Australia Rejects ‘Savage’ Budget Cuts to Get Surplus, Swan Says
“One thing is certain -- savage cuts would be the wrong thing for our economy,” Swan told business leaders in New York on Jan. 18. “It would not be responsible for any government to make deep spending cuts to try and fill a hole in tax revenue when that would put growth and jobs at risk.”
Swan’s comments come a month after he said he’s unlikely to deliver a pledged budget surplus this fiscal year as weaker growth and a strong local currency curb tax receipts.
Prime Minister Julia Gillard, trailing in polls ahead of this year’s election, last May staked her economic credibility on achieving a A$46 billion ($48.3 billion) fiscal reversal, driven by the first overall cut to government spending in at least 42 years.
“Further turbulence in the global economy in the second half of last year has meant we’ve had to write down in just four months the revenue loss we expected over a full year,” Swan said. “We are still delivering one of the biggest fiscal consolidations in our nation’s history, and we’ll continue our fiscal discipline despite the big revenue write downs which have made a surplus unlikely this year.”
The government, in a midyear review released in October, forecast a budget surplus of A$1.08 billion in the 12 months ending June 30. It recorded a A$44 billion deficit last fiscal year.
Weaker commodity prices and an elevated currency have prompted mining companies including BHP Billiton Ltd. (BHP) to put off projects and cut jobs, while a construction slump forced building-materials company Boral Ltd. (BLD) to reduce payrolls.
“We’re not immune from ongoing global uncertainty, which has weighed on consumer and business confidence and contributed to patchy conditions in some parts of our economy,” Swan said in his weekly e-mailed economic note yesterday.
In August, Resource Minister Martin Ferguson told reporters that “the resources boom is over,” while Reserve Bank of Australia Governor Glenn Stevens told lawmakers “the peak of the resource investment boom as a share of gross domestic product, the highest such peak in at least a century, will occur within the next year or two.”
Swan told his audience in New York that such talk is “claptrap.”
“Let me also be very clear that you have been hearing claptrap getting around about it being over,” Swan said. “The mining boom is best described as having three overlapping phases -- a boom in prices, then investment, and then in production. We passed the peak in prices a bit over a year ago as we’d expected, but we also see our terms of trade remaining at historically high levels. And the second and third phases of the boom still have a way to run.”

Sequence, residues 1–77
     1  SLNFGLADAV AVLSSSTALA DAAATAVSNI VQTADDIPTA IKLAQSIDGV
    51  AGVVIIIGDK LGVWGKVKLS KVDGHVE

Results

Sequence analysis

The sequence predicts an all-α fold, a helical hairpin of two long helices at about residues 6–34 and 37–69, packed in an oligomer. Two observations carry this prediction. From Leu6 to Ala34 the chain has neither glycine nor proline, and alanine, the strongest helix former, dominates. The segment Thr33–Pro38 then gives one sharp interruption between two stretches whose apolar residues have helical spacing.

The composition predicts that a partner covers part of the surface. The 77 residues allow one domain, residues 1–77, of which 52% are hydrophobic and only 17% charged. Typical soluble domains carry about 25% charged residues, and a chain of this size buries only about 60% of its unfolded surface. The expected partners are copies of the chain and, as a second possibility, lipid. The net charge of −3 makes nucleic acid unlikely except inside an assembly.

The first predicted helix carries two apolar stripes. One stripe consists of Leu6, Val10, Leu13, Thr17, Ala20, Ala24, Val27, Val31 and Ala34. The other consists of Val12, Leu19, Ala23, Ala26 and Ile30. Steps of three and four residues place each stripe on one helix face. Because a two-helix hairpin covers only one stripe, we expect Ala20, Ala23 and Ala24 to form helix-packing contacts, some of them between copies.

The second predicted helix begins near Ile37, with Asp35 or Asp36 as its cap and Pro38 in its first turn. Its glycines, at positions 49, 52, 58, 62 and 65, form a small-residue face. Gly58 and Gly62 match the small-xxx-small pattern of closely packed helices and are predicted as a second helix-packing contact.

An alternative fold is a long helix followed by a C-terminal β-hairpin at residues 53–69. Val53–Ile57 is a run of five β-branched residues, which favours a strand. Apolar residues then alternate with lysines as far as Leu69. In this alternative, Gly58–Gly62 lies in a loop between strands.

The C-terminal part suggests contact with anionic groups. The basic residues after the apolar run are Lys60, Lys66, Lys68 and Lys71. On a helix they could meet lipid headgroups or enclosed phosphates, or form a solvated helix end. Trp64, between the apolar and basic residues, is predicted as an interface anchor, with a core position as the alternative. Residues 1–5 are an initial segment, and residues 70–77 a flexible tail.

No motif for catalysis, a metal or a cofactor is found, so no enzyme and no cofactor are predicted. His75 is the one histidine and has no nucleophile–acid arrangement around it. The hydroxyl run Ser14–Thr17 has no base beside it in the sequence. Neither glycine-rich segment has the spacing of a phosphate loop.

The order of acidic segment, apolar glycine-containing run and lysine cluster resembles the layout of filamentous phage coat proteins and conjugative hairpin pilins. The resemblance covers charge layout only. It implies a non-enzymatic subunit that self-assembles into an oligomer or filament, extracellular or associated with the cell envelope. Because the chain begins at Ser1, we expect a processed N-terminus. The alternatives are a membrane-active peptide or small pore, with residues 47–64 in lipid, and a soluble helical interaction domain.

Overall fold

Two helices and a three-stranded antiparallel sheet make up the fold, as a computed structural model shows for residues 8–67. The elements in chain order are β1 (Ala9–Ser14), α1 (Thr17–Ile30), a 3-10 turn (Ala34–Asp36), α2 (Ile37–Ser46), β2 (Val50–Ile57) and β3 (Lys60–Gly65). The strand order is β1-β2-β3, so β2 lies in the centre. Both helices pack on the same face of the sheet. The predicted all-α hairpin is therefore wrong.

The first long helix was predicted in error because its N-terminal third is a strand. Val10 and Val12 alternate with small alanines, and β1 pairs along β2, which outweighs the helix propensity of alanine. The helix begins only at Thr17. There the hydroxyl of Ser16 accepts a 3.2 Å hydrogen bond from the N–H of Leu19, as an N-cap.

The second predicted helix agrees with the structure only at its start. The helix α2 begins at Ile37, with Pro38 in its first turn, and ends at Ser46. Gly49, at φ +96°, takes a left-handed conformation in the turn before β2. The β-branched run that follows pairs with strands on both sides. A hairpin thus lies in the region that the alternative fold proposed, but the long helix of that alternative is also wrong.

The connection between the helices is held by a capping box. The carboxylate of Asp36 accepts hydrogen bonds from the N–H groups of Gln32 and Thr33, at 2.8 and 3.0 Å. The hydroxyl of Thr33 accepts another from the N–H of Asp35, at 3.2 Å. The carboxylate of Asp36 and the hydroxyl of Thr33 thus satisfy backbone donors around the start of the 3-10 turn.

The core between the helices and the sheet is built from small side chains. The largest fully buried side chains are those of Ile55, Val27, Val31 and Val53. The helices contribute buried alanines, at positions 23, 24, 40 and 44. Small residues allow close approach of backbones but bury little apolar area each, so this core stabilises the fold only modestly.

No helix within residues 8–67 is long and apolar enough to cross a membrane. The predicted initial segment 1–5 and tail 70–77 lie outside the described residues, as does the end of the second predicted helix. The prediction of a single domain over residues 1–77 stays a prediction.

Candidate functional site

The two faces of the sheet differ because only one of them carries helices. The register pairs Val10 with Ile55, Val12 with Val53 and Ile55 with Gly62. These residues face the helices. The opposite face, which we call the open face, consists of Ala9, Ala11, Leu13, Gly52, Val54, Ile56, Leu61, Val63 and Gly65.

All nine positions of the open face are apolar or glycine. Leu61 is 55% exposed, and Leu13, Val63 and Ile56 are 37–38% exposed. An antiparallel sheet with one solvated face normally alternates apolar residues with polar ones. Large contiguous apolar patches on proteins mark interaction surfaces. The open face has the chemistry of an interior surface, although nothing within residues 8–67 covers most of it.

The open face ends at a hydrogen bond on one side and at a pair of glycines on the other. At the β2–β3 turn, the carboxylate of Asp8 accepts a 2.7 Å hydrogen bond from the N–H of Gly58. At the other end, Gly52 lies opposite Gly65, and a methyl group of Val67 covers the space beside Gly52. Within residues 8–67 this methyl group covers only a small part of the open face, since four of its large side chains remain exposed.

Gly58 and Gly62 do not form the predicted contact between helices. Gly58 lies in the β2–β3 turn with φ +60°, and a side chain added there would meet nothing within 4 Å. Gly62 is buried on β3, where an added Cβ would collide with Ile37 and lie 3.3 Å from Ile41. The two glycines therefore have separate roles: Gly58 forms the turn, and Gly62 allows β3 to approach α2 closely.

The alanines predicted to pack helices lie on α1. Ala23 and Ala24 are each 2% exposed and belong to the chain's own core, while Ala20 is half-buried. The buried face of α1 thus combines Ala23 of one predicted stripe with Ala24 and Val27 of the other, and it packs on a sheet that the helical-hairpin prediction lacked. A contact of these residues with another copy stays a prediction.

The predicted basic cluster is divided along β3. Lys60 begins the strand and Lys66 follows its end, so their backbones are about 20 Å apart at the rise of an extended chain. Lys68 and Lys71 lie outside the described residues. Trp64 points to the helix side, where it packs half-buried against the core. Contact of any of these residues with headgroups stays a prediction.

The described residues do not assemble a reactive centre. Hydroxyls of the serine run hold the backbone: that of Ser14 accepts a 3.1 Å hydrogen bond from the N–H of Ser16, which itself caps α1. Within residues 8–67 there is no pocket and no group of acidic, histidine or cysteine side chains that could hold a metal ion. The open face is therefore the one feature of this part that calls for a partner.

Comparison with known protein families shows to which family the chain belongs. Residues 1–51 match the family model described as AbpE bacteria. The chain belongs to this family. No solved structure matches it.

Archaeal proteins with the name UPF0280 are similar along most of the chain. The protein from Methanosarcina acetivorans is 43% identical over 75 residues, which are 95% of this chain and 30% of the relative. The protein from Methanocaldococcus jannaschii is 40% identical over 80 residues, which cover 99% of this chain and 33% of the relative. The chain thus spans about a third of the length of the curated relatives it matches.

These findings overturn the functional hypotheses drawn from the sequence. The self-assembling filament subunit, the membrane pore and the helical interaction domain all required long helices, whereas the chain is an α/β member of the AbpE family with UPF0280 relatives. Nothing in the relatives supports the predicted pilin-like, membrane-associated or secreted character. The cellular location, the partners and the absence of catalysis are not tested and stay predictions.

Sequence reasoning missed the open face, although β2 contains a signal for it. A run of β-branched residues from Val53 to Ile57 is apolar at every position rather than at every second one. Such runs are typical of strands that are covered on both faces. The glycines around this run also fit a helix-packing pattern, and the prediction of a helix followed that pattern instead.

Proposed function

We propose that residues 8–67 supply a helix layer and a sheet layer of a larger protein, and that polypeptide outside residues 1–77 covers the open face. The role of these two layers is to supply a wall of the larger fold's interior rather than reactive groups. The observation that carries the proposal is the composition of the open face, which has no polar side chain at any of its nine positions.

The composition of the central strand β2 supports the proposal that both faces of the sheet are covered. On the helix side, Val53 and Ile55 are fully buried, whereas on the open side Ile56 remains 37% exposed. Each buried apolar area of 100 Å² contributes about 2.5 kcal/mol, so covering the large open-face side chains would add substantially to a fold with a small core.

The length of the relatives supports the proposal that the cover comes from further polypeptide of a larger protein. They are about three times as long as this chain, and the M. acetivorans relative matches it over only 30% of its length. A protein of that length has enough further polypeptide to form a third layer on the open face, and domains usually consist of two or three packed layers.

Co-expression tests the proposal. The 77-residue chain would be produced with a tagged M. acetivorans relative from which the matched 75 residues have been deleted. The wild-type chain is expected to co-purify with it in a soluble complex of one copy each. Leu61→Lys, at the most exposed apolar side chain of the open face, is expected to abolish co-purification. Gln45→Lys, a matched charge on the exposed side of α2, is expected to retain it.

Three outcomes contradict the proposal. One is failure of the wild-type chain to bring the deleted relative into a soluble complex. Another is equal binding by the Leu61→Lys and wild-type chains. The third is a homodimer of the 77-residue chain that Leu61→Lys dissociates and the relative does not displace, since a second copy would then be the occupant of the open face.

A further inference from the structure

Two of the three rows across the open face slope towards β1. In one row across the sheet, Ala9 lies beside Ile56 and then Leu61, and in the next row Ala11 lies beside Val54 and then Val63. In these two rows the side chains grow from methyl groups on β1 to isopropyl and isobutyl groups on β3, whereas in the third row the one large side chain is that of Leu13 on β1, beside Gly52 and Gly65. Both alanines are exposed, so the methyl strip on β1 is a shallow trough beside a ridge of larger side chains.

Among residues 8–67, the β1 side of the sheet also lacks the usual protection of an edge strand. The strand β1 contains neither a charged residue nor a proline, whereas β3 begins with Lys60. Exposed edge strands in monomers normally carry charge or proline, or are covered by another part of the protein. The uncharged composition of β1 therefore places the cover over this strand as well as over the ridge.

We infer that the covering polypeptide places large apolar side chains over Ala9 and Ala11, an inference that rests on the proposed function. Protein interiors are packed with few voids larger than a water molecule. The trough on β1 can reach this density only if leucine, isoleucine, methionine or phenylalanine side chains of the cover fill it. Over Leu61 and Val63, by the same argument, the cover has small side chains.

While Australian employers unexpectedly cut payrolls in December and the unemployment rate rose, the economy expanded 3.1 percent from a year earlier in the third quarter, among the fastest in the developed world.
The Reserve Bank of Australia’s latest benchmark rate cut to 3 percent on Dec. 4 made it 1.75 percentage points in reductions in 14 months, which may aid Labor’s re-election chances as about 90 percent of the nation’s mortgages are at variable rates.
Gillard’s Labor rose 3 percentage points to 49 percent on a two-party preferred basis, with Tony Abbott’s Liberal-National coalition falling 3 points to 51 percent, according to a Newspoll survey published in the Australian newspaper on Jan. 15. The measure is the best gauge of which major party will probably to win the seats required to form a government.
With an election to be held by Nov. 30, Swan said on Jan. 18 the government wouldn’t cut spending in its annual budget, to be delivered May 14, at the expense of its policy commitments to revamp funding for education and disability welfare.
Gillard is seeking to legislate in parliament this year to implement some of the changes in schooling urged in a report headed by Australian Future Fund Chairman David Gonski. The report found earlier this year that spending may need to rise by about A$5 billion a year to improve education at government- funded schools, particularly in disadvantaged and rural areas.
“Let me be crystal clear,” Swan said in New York. “The budget outcome for 2012-13 has no bearing at all on our determination to make room for our medium-term priorities like the Gonski education reforms and the National Disability Insurance Scheme.”
Swan also said a priority for the government was boosting labor productivity growth, “which has been in structural decline for the past decade or so.”
Looking overseas, Swan said China was managing its transition to more consumption-led growth “pretty well.” He called on Europe to balance fiscal restraint with the needs of stimulus and growth and said he was “deeply” concerned about the looming U.S. debt ceiling debate.
“It’s the responsibility of all leaders, governments and commentators around the world to ensure that sensible realism about these challenges doesn’t morph into undue pessimism, which itself hurts confidence,” Swan said in his note yesterday. “Endless pessimism is in itself a risk to the global recovery, just as it weighs on business and consumer sentiment in Australia’s economy.”
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